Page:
Voice/Vision Holocaust Survivor Oral History Archive

Malka Sternberg - January 31, 2008

Father Escapes to Palestine

You said your father had, had to go away...


...so your father was in Poland? Is that where he went?

My father is a story to himself--a big story. He went to Poland and there he had a half sister. My grandmother married a man with this child of six--a little girl and she brought her up as her mother and there was a very close relationship between them. And this, this girl--this little girl already had ten children by then and my, my father and his brothers they all joined there--she had a basement there and they slept in the basement. But my father didn't want to stay with the Germans, he said, "I'm not staying with them. I'll try and cross the border and if I get through I'll send you a postcard and you all can come one after the other." He came through and got through and he sent the card and his brother--his one before the youngest brother--his brother Leo--and two of the children of this aunt who was called Yenta they tried to cross the border but they were caught and they were sent to Siberia and they spent the whole war in Siberia and one of the boys was died there. So, that was how my father got out and then, then he went--he didn't like the Russians, he didn't--he wasn't ready for the Russians. He didn't like them and didn't want to stay so he went to Lithuania and there is the story that you probably know about the Dutch consul and the Japanese consul--you know this story?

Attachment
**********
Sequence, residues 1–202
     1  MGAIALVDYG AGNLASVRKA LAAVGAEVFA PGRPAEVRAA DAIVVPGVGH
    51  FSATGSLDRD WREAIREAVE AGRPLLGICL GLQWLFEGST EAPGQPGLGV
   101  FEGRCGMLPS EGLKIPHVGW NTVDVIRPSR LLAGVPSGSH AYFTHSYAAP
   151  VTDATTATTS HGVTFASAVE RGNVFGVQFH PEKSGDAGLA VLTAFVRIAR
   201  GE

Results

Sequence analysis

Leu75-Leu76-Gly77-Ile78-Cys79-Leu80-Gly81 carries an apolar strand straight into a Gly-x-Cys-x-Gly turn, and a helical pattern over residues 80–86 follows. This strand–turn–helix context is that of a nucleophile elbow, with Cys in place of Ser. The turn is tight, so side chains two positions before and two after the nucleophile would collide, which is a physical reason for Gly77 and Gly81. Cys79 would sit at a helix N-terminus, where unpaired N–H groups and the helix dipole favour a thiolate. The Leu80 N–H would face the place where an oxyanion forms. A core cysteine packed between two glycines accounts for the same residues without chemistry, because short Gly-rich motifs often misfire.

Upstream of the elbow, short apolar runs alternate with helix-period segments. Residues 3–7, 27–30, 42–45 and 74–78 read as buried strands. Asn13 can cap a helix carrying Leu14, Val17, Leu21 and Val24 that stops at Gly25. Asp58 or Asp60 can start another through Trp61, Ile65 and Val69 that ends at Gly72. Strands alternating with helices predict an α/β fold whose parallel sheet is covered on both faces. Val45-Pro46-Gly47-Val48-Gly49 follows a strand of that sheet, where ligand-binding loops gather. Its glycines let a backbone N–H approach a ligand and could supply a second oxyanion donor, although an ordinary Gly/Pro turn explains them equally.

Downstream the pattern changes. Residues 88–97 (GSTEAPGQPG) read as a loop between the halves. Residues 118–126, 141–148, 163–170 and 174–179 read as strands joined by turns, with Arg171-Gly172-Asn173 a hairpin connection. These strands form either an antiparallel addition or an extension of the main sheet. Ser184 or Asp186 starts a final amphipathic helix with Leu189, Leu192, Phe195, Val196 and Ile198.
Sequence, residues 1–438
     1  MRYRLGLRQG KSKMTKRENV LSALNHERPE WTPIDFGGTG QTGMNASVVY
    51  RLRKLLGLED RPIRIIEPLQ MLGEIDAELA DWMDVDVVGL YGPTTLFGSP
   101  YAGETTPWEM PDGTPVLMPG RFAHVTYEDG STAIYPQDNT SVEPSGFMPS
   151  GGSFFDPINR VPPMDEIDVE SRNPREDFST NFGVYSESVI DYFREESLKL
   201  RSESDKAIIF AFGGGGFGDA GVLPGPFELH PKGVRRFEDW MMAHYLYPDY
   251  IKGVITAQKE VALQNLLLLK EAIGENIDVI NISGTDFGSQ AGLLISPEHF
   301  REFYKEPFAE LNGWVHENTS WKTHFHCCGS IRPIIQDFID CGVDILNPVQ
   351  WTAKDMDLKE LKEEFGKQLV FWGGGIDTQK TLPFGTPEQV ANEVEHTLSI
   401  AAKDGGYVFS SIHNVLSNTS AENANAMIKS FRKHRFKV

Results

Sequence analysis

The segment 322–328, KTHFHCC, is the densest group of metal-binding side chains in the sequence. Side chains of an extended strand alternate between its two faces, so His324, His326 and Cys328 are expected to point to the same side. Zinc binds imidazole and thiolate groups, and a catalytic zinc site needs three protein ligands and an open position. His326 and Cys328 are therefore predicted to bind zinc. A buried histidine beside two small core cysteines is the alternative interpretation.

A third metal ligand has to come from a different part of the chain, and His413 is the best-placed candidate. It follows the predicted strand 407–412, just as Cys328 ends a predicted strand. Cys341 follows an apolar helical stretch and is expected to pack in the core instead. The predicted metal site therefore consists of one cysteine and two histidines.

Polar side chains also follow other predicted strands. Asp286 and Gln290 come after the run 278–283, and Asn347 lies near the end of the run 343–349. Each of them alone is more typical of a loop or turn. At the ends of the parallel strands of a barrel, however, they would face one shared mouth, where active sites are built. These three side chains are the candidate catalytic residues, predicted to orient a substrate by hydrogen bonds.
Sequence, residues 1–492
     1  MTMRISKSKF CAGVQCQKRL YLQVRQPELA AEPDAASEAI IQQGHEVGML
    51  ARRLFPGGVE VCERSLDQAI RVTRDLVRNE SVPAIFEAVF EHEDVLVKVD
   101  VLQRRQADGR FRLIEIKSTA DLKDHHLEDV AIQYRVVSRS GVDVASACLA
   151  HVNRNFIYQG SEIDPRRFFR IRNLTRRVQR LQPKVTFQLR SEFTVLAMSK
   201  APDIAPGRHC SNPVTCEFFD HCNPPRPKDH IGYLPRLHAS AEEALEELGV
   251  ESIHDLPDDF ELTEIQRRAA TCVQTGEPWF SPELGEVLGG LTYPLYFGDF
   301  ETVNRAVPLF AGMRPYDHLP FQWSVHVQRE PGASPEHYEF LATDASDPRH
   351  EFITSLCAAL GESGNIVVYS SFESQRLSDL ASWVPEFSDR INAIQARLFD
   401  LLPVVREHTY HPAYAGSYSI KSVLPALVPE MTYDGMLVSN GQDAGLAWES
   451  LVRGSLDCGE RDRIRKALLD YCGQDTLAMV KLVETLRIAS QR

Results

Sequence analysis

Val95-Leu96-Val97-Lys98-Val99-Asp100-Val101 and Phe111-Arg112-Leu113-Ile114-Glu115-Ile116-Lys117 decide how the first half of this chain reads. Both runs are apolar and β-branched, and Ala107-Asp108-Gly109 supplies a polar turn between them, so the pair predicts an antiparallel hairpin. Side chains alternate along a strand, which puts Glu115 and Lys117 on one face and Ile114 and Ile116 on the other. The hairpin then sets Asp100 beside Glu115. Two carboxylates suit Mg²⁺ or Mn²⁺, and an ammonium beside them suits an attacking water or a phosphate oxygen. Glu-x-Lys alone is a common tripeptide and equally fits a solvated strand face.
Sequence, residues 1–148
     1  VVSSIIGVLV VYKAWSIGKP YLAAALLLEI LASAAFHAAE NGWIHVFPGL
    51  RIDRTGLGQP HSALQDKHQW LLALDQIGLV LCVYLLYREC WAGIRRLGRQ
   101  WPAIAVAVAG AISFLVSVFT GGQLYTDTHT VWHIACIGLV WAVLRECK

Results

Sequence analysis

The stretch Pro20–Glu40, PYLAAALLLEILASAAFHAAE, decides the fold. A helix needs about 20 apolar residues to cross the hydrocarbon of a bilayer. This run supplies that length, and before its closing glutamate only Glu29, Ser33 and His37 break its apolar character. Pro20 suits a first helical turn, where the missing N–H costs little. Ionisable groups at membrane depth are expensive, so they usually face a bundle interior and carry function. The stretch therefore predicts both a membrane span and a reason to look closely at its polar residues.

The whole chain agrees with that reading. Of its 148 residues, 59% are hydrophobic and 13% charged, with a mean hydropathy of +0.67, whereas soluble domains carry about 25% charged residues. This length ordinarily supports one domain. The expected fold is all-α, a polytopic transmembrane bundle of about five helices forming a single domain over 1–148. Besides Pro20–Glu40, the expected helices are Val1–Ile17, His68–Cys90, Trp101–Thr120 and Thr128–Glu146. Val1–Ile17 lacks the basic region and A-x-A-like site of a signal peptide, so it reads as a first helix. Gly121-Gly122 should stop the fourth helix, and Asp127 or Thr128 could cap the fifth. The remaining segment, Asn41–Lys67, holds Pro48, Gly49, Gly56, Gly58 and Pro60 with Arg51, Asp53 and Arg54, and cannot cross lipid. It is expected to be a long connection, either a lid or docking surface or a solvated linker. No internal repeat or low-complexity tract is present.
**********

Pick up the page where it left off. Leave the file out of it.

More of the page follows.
Well, my father was one of these people. He went all the way to Japan and since he was one of the few who wanted to go to Israel--he didn't wait to go to American or didn't want to go to America or Canada so there was a boat--tub of a boat--boat you couldn't call I've got the picture where he went to Israel, it took him six months. It was already after Pearl Harbor when they got onto the boat and it took him six months to get to Israel.

And you know--you and your mother knew where he was?

No, we didn't know where he was. We got a card from Russia somewhere and we knew he was there and from Ukr...from Japan, Japan we got letters. In Japan and then in '42 he was already in Israel.

Husband: Israel?

Here, yes.

Husband: Palestine.

Well, Palestine, yes, you're right.

So, it was up to your mother to...

My mother couldn't...

...to keep the family in order.

She did, she did.

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